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Dr Andrew Hazel and Dr Anne Juel at the Department of Mathematics at the University of Manchester, the
 

Summary: Dr Andrew Hazel and Dr Anne Juel at the Department
of Mathematics at the University of Manchester, the
fascination of studying the airway reopening lies in
the interesting mathematics and the insights into
physics that it can reveal.
Seeking solutions
The process of airway reopening is, in theory, simple.
In general terms it can be analysed using established
mathematical techniques for studying classical
continuum mechanics, solid mechanics and fluid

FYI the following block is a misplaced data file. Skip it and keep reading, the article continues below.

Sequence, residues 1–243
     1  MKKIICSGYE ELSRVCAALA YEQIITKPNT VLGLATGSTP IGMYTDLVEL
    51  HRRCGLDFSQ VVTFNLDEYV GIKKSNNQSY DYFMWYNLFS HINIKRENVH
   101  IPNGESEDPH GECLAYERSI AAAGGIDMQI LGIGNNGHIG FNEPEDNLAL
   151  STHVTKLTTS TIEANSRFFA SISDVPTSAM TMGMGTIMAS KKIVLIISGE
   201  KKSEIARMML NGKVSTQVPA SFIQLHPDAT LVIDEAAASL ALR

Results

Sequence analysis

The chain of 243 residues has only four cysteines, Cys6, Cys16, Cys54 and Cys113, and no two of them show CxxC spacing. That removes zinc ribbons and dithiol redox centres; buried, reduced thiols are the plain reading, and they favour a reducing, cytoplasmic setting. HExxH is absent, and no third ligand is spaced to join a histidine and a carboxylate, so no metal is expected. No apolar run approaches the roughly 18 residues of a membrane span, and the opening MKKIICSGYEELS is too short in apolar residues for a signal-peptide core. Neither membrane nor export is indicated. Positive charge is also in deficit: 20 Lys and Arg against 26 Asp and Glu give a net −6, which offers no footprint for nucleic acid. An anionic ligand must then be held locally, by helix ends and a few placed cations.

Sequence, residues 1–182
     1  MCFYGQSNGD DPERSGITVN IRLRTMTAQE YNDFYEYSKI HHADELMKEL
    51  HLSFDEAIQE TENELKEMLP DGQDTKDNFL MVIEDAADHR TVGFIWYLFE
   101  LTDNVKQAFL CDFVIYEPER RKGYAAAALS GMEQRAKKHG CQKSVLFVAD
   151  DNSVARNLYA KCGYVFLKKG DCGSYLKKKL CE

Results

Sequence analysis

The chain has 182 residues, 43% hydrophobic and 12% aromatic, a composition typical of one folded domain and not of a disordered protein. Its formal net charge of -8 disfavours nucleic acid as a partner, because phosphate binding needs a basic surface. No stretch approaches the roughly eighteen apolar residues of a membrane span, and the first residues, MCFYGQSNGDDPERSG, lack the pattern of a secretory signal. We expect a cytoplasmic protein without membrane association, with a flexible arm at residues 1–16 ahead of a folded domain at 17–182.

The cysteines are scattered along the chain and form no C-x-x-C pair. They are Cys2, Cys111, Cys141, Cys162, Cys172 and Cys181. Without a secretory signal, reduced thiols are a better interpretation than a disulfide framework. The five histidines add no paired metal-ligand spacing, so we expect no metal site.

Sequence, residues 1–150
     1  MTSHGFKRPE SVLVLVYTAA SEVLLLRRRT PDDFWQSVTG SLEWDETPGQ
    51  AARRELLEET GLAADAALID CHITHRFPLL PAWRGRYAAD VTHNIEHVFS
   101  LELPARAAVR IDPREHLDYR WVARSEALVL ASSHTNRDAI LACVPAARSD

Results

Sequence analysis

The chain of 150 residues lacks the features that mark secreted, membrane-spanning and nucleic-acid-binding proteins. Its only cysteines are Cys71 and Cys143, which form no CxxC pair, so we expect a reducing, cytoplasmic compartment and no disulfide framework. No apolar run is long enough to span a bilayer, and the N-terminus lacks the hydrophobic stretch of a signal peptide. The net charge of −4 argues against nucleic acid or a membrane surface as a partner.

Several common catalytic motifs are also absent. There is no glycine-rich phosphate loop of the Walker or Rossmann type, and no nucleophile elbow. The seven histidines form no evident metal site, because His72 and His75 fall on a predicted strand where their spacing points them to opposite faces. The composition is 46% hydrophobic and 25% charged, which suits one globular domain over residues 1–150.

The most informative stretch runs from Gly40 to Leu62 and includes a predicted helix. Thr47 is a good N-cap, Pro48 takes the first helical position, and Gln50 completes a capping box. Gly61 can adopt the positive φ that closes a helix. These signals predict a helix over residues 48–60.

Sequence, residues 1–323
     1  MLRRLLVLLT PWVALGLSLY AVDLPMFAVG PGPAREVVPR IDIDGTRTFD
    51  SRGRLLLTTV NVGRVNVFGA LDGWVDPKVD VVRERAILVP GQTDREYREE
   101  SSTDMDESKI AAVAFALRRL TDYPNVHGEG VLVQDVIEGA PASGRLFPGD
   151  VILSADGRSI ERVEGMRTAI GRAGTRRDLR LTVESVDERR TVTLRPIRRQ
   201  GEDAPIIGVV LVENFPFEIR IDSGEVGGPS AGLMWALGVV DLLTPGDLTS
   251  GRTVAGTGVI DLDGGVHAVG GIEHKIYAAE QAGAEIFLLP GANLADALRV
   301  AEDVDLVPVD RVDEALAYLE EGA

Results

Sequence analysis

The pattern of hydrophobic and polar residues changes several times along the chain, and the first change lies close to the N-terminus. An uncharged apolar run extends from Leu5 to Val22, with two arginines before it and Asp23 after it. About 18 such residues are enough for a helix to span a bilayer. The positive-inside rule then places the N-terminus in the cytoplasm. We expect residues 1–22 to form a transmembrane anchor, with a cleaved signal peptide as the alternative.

mechanics and by solving the Navier-Stokes
equations, familiar to all students of physics and
engineering and commonly used to study fluid flow.
However, as with many things, the devil is in the
detail. The problem Dr Heil and his colleagues face
is in applying these concepts to study problems
in environments (such as the lungs) where the
geometries involved are highly irregular. "If the
geometry is very simple and the wall is at a constant
radius as it would be in a pipeline, for example

  

Source: Applebaum, David - Department of Probability and Statistics, University of Sheffield

 

Collections: Mathematics